I look forward to the continued dialogue, and, more importantly, continued research in these areas.

Bob Flood

Saint Louis University

From: Pediatric Emergency Medicine Discussion List <[log in to unmask]> on behalf of Nathan Kuppermann <[log in to unmask]>
Sent: Sunday, February 18, 2018 8:04:25 AM
To: [log in to unmask]
Subject: Re: The shooting in Florida

Jeffrey and colleagues:

My colleague Garen Wintemute is an EM physician at UC Davis and has been doing seminal work on firearm violence prevention for decades - doggedly and with great impact

He is the director of the Violence Prevention Research Program (VPRP) at UC Davis, and has been named a "hero of medicine" by Time Magazine in the past for his work. He is as smart and accomplished as they come, and there is nobody in the country who has been doing this longer or with greater impact. And he has weathered the political and funding crises for this type of work for years, frequently funding his own work when the political climate for this work was bleak. But he has also received substantial foundation money and federal grants during more supportive political times.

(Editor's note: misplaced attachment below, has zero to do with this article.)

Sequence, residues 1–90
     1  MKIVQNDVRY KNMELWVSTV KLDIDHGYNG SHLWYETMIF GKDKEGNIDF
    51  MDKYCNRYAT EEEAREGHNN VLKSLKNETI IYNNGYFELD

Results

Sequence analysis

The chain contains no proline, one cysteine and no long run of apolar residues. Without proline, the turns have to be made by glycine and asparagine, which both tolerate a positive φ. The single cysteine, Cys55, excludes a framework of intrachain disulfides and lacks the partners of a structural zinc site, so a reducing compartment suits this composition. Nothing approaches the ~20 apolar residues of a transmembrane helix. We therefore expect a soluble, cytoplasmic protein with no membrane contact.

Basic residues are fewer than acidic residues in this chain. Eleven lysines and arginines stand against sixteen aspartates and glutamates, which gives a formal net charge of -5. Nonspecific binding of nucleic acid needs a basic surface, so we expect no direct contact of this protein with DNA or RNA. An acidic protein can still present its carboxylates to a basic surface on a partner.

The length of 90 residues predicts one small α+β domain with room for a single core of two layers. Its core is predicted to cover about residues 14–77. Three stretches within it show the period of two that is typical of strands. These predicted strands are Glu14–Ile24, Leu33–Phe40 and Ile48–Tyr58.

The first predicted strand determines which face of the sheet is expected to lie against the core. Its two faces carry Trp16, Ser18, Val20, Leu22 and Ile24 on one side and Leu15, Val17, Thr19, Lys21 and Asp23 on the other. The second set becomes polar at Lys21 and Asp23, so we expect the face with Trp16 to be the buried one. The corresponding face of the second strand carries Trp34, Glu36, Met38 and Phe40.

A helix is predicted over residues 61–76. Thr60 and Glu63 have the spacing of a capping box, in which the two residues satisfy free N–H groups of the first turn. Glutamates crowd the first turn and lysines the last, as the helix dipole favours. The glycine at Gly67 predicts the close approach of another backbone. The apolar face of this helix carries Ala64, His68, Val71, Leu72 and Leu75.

He recently received $5 million from the California state legislature to lead the University of California Firearm Violence Research Center, the first state-funded gun violence research center in the country.

Here is his entry in Wikipedia:

If you are interested in his program or donating, here is the link: